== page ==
Earl served in the Caribbean Union until 1960 when he was called to the British Guiana Mission as president where he served for three and a half years. In 1963 he accepted an invitation from the West Indies Union, headquartered in Jamaica, to return home and serve as missionary volunteer director and education secretary. Earl enjoyed holding youth week-of-prayer meetings. One such meeting was held at West Indies Training College in 1963. A student, C. S. Plummer, reported in the West Indies Union Visitor:

The 1963 Spring Week of Prayer was conducted at West Indies Training College by Pastor Earl Parchment, who is at present the Missionary Volunteer and Education Secretary of the West Indies Union of Seventh-day Adventists. He qualified as the guest speaker because of his deep spiritual conviction, buttressed by an inexhaustible wealth of experience acquired during seventeen years of successful ministry with over fifteen of these years having been spent working with and for young people. The Theme selected for the week was “Making Christ Supreme;” the Aim “To Live with Christ;” the Goal, “To be with Christ.” The messages presented were simply stated and thus readily understood by all. The impact made upon the student body resulted in a spiritual awakening which can still be seen and felt on the campus.3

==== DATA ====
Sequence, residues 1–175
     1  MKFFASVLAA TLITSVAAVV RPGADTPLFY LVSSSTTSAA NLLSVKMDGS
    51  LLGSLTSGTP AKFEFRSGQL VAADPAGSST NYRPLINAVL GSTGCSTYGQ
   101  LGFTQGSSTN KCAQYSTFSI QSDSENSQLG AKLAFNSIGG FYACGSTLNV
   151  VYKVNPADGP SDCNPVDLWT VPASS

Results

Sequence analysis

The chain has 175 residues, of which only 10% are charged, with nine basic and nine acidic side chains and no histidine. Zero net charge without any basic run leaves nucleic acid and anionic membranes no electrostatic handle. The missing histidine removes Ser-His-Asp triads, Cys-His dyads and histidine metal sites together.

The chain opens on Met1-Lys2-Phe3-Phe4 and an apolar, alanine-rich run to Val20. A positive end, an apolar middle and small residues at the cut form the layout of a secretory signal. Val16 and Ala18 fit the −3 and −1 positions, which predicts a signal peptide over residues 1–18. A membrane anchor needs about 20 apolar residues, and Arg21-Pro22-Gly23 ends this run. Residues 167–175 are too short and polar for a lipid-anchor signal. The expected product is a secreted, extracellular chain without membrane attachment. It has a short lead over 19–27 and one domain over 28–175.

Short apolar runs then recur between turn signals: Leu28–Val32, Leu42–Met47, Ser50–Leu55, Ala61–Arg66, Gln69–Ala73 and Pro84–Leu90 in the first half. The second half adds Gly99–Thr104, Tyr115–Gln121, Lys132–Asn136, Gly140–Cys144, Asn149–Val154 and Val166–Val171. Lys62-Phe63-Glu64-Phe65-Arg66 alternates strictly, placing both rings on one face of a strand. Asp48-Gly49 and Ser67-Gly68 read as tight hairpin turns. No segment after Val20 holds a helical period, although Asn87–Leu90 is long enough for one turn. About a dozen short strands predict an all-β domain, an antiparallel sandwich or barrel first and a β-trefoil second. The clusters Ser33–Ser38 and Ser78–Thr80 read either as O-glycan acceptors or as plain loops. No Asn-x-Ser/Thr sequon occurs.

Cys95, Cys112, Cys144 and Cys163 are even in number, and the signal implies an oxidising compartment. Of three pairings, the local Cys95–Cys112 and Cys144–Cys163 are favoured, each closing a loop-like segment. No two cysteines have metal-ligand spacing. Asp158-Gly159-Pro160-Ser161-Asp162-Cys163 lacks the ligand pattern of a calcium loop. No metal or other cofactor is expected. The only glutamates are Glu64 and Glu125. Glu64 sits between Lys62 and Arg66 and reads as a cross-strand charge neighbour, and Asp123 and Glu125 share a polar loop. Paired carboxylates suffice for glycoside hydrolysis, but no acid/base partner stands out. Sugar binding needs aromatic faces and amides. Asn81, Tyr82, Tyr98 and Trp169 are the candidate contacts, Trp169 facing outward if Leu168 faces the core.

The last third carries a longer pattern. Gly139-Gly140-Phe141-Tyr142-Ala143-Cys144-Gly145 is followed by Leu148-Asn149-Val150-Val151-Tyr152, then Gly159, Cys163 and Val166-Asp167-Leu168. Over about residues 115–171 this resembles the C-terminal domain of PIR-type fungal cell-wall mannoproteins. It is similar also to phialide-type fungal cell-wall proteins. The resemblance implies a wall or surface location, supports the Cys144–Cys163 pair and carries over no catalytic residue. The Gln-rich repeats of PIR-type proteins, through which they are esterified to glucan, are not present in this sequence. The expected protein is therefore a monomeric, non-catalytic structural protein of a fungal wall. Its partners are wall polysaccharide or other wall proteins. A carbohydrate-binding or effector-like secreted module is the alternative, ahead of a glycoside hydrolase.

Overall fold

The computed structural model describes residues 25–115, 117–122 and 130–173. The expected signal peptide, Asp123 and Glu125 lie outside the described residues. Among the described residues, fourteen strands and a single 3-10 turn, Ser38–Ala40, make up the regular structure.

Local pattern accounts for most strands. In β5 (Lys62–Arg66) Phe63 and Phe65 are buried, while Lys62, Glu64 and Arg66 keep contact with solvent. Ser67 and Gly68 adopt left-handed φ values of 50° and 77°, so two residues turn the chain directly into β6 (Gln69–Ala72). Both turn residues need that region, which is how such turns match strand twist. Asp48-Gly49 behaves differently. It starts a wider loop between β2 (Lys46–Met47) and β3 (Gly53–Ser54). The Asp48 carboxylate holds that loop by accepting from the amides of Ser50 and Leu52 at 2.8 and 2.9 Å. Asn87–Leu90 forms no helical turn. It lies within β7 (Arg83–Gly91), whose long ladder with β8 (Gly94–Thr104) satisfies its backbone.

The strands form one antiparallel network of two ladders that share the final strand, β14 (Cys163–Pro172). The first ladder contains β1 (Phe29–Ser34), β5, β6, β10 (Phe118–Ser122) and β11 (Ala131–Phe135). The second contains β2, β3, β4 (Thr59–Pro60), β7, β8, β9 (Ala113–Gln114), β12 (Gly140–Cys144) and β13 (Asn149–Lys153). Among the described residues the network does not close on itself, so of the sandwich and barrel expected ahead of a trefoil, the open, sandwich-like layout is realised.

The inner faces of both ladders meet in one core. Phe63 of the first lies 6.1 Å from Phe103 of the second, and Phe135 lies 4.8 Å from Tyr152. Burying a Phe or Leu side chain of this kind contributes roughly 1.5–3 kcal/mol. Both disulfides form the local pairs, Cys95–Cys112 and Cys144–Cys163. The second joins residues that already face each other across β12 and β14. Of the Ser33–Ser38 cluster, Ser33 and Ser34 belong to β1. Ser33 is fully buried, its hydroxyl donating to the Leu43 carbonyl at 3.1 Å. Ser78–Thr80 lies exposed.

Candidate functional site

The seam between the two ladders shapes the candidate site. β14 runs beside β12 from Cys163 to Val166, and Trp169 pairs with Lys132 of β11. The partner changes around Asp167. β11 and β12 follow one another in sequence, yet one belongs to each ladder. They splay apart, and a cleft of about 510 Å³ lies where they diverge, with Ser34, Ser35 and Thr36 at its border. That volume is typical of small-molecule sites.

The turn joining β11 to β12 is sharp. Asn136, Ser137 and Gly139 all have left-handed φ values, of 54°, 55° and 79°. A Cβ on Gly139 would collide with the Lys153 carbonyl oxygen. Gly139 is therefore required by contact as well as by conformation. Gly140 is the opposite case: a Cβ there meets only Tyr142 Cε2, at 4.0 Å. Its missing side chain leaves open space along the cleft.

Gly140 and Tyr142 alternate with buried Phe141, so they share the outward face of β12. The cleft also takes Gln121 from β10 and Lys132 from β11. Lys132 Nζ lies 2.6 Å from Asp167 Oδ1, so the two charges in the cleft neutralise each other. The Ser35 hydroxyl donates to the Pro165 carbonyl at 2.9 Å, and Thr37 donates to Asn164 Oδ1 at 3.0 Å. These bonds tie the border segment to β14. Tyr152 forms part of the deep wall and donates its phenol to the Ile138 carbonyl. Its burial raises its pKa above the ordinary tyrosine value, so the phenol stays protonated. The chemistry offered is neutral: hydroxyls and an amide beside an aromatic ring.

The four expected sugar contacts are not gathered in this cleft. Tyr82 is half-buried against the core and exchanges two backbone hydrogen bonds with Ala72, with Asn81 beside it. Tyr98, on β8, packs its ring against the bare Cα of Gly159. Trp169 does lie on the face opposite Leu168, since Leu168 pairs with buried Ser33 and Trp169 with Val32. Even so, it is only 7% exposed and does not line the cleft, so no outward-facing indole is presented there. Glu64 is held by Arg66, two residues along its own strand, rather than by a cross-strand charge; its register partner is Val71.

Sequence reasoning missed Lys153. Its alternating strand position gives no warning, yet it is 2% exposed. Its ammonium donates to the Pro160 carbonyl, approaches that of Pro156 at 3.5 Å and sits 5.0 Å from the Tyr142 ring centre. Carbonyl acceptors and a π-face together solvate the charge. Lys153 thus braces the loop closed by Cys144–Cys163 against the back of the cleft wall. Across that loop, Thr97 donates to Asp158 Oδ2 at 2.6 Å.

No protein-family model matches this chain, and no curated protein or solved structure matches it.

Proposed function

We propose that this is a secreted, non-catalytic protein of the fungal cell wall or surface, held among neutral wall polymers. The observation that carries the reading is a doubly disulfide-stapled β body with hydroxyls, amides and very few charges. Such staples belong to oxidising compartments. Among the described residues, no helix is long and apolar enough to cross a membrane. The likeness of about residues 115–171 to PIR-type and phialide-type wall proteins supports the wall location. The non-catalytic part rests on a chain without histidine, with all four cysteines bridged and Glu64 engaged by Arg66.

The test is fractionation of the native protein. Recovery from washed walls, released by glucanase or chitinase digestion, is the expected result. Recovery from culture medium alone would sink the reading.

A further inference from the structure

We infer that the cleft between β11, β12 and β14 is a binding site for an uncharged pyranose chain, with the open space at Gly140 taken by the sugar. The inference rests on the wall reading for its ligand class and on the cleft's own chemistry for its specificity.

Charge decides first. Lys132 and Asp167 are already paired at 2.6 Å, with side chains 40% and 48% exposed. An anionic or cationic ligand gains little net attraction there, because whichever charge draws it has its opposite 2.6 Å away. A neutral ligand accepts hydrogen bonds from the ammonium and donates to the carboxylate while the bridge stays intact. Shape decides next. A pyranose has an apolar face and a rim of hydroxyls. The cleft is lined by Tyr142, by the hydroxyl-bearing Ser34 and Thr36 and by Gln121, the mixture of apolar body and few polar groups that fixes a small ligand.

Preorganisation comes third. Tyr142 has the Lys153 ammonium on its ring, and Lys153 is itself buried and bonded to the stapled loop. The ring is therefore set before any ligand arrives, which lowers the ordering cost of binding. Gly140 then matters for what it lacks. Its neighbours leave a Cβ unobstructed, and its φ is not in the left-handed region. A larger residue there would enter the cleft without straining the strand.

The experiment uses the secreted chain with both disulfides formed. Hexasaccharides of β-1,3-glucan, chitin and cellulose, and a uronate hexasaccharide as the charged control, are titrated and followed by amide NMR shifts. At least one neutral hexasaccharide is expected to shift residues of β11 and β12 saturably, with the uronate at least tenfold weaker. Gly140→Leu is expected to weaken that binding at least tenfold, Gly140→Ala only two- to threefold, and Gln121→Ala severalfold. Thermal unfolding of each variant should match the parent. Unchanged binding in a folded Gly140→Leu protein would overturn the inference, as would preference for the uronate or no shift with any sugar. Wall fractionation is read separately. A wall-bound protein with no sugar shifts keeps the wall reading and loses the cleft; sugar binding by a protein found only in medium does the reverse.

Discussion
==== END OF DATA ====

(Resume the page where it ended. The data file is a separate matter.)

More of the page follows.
In 1966 Earl moved to Canada with his family to be the pastor of the Westmount Seventh-day Adventist Church is Montreal, Canada. This was a time when many West Indians were immigrating to Canada. Many, especially Haitians, settled in Montreal, Canada. During his time as pastor in Montreal, Pastor Parchment found time to take the youth to a camp in the beautiful province of Quebec, Camp Eben Eden. One camper, impressed with his leadership at the camp, commented: “Elder Earl Parchment of Montreal, was everywhere at once, helping in every department.”4

After ministering for 12 years in Montreal, Earl was called to the Ontario Conference office to serve as sabbath school and personal ministries director. At this time both provinces, Ontario and Quebec, were part of the Ontario Conference. After ten years of ministry there, he accepted a call from the Atlantic Union in 1978 to pastor the Southampton Church in Bermuda where he energetically served until the Atlantic Union called him to the union office to serve as the lay activities (personal ministries) director. The many training programs that he conducted in the Atlantic Union exhibited his passion for encouraging every member to share their faith in Christ. In his own words, as recorded in the Atlantic Union Gleaner: